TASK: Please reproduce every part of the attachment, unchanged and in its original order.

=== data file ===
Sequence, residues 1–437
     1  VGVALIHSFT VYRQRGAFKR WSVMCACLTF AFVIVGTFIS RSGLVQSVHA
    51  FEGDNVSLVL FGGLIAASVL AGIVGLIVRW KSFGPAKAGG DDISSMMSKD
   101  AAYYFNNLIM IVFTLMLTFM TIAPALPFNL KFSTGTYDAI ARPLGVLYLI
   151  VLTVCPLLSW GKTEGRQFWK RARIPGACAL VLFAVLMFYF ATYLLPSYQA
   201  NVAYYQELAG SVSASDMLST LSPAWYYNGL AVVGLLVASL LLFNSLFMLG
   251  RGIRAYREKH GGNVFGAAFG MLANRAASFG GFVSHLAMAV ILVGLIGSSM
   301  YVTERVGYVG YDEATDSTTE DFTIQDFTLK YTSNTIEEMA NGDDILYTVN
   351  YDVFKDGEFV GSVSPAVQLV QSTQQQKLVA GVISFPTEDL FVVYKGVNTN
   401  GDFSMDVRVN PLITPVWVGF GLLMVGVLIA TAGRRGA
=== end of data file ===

Sequence, residues 1–437
     1  VGVALIHSFT VYRQRGAFKR WSVMCACLTF AFVIVGTFIS RSGLVQSVHA
    51  FEGDNVSLVL FGGLIAASVL AGIVGLIVRW KSFGPAKAGG DDISSMMSKD
   101  AAYYFNNLIM IVFTLMLTFM TIAPALPFNL KFSTGTYDAI ARPLGVLYLI
   151  VLTVCPLLSW GKTEGRQFWK RARIPGACAL VLFAVLMFYF ATYLLPSYQA
   201  NVAYYQELAG SVSASDMLST LSPAWYYNGL AVVGLLVASL LLFNSLFMLG
   251  RGIRAYREKH GGNVFGAAFG MLANRAASFG GFVSHLAMAV ILVGLIGSSM
   301  YVTERVGYVG YDEATDSTTE DFTIQDFTLK YTSNTIEEMA NGDDILYTVN
   351  YDVFKDGEFV GSVSPAVQLV QSTQQQKLVA GVISFPTEDL FVVYKGVNTN
   401  GDFSMDVRVN PLITPVWVGF GLLMVGVLIA TAGRRGA